How PAM Can Protect Feds From Third Party/Service Account Cyber Attacks
For decades, Federal chief information security officers (CISOs) focused on protecting a traditional perimeter and the users within. Today, however, they recognize that there are a seemingly endless number of third-party partners, vendors, and customer accounts, as well as service accounts – accounts which are either not directly tied to employees, or non-human accounts– which could result in compromises.
They need look no further than Russia’s massive hack of SolarWinds software – which led to the accessing of emails at the U.S. Treasury, Justice, Commerce, and other departments – for an Exhibit A illustration of the vulnerabilities of their agency’s entire cyber ecosystem, as opposed to strictly internal digital assets and users.
That expanded security perspective proves necessary due to modern mission requirements and the resources needed to achieve them: Within an agency, multiple external parties and service accounts support every server and system. Constantly monitoring and routinely auditing it all is extremely complex, challenging, and tedious. Hackers are well aware of the situation, and target both third-party partners (i.e., the “people” part of this equation) and service accounts (the non-human, technical component) as lucrative weak links:
The U.S. government is reporting more than 28,500 cybersecurity incidents a year, and 45 percent of breaches result from indirect attacks, according to research from Accenture. It should come as no surprise then that 85 percent of security executives say their organization needs to think beyond defending the enterprise and take steps to protect their entire ecosystem.
“Organizations should look beyond their four walls to protect their operational ecosystems and supply chains,” according to the Accenture report that published the research. “As soon as one breach avenue is foiled, attackers are quick to find other means,” it says.
When asked to assess various technologies and methods, these executives ranked privileged access management (PAM) as one of the top approaches in reducing successful attacks, minimizing breach impact, and shrinking the attack surface. With the defense industrial base (DIB) and perhaps other Federal agencies seeking to adopt Cybersecurity Maturity Model Certification (CMMC) standards as part of their overall strategy, PAM has emerged as a highly effective means toward this goal.
As defined by Gartner, PAM solutions manage and control privileged accounts by isolating, monitoring, recording, and auditing these account sessions, commands, and actions. Third parties and service accounts cannot do their jobs a majority of the time without elevated privileges for access – thus making them a de facto part of the agency enterprise. While such arrangements play an indispensable role in terms of mission performance, productivity, and efficiency, they also expand the attack surface. That’s why CISOs must strongly consider PAM as part of their third-party/service account security strategy, to establish the following capabilities:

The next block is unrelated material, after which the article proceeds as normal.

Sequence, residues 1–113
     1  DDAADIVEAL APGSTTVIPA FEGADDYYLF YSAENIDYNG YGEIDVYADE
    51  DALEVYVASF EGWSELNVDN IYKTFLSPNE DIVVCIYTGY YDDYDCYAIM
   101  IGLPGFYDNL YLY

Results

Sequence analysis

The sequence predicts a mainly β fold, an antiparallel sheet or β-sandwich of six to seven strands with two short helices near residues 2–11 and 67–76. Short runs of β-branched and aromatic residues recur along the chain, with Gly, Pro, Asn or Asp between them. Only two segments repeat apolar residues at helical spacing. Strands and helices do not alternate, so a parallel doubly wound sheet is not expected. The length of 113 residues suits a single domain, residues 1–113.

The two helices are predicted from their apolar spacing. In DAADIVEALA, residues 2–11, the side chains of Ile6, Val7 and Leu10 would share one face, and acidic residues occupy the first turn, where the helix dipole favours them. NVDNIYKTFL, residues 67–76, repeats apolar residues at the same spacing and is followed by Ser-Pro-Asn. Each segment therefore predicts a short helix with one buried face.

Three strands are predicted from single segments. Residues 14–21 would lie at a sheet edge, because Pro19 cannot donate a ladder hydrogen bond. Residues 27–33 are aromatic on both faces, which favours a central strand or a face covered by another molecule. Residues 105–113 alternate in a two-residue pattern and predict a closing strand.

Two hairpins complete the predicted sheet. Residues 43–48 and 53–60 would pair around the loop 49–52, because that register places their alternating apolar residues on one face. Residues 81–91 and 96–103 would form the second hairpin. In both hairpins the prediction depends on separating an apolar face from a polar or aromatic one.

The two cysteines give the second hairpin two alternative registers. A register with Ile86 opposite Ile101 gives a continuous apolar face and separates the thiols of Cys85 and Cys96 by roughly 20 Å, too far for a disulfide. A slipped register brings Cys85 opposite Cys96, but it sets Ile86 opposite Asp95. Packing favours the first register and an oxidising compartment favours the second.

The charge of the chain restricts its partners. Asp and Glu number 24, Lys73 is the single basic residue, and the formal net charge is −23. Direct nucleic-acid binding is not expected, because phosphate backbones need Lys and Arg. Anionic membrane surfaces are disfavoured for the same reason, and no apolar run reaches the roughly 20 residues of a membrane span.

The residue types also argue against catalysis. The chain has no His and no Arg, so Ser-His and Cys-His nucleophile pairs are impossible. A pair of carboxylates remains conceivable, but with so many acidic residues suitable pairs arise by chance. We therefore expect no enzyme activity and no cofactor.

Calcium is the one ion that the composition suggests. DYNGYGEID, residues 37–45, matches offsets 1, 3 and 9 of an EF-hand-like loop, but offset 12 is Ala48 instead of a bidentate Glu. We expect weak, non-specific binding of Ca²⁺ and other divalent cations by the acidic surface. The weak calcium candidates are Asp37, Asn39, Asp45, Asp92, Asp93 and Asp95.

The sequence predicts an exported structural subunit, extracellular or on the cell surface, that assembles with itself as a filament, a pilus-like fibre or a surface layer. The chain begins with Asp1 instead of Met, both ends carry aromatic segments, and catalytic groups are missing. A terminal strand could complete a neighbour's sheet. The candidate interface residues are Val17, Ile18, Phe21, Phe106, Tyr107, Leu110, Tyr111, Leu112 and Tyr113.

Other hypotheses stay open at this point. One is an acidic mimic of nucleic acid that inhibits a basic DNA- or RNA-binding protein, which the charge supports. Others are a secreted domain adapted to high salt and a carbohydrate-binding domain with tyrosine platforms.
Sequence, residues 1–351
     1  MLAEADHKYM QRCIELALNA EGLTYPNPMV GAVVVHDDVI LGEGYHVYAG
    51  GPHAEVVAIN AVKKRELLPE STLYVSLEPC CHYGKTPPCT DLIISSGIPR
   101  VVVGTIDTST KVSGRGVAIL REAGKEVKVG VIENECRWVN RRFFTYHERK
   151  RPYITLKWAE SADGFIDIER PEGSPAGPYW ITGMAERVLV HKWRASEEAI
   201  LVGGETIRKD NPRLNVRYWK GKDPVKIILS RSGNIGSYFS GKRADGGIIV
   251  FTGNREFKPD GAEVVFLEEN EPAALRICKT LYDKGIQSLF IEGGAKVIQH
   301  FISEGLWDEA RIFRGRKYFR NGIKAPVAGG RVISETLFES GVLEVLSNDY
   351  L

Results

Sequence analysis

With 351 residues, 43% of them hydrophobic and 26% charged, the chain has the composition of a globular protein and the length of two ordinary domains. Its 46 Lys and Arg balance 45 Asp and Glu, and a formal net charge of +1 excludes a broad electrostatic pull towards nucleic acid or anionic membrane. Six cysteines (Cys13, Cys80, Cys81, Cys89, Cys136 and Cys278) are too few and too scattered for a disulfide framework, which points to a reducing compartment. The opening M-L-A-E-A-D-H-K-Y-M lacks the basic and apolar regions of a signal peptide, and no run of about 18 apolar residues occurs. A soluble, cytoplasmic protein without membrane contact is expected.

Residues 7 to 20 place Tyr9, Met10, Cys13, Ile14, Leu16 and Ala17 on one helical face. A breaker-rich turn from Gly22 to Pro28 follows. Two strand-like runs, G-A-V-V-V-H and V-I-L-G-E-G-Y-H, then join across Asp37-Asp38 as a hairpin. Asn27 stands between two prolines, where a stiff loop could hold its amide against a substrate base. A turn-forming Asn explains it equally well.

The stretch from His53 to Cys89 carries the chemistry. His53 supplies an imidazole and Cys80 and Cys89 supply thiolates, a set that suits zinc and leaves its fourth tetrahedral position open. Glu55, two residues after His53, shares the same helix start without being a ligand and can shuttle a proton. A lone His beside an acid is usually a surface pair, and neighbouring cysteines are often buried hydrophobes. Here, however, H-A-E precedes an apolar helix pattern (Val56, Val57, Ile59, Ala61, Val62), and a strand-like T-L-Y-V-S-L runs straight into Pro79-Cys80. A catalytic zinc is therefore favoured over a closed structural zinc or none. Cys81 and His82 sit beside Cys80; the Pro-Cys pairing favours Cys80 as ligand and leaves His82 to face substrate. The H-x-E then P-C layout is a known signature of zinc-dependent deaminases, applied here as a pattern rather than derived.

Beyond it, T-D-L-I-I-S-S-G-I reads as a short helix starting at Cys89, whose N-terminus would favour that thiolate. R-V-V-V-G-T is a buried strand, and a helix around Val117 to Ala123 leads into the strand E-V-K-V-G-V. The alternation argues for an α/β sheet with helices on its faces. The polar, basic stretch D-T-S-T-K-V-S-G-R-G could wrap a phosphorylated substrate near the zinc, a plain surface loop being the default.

Comprehensive auditing. PAM ensures that all service account and privileged activity is audited. You record every session and watch it for anomalous and potentially suspicious interactions/patterns, just as if you were watching a movie.
Reduction of credential exposure. Without PAM, contractors will typically be provided elevated credentials to access a network area or database which is relevant to the task at hand. In the process, they may jot down on a piece of paper “Admin 123” to use as a password, or store it in some other insecure fashion. But these practices increase the risk of threats, especially if the password is weak and/or never changes. The SolarWinds attack was linked to password mismanagement. Through PAM, contractors instead log into a bastion host, which is a secured intermediary proxy, using standard user privileges, and then a connection is brokered without exposing the elevated credentials to the user.
Automation of password rotation. This is particularly relevant for the non-human service accounts. When a service account contacts an internal database server, for example, it will use a password to gain access. But the password often remains static – something a CISO has to address. Doing so manually, however, is logistically impractical if not impossible. PAM tools will automatically rotate passwords, as frequently as deemed necessary, sometimes even on a per-usage/session basis.
It’s clear that the government can’t accomplish its mission goals without the support of third-party partners and service accounts, just as they rely upon the talents and capabilities of their own employees and internal cyber resources. But CISOs can’t ignore the risk potential of the external entities which routinely gain access to their networks and digital assets. Through PAM, they ensure every interaction is tracked and audited, while significantly strengthening password management. As a result, they greatly improve the chances that their agency won’t end up as an Exhibit A illustration of what not to do to prevent a compromise.